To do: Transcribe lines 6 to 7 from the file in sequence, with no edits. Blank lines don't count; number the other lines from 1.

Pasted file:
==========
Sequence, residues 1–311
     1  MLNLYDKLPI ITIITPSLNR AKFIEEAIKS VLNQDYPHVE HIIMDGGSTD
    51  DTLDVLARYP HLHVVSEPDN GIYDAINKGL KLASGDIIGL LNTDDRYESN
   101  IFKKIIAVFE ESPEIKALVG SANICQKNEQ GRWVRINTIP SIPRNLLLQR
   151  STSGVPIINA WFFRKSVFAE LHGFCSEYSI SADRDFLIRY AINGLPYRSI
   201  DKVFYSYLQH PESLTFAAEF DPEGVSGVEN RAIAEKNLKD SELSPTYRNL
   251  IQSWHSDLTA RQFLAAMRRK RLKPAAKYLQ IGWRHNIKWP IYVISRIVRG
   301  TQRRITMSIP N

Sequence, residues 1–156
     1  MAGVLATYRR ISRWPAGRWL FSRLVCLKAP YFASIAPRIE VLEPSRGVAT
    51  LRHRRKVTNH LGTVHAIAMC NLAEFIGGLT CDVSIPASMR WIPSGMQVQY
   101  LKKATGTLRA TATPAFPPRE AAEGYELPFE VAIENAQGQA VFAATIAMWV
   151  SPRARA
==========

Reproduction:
   201  DKVFYSYLQH PESLTFAAEF DPEGVSGVEN RAIAEKNLKD SELSPTYRNL
   251  IQSWHSDLTA RQFLAAMRRK RLKPAAKYLQ IGWRHNIKWP IYVISRIVRG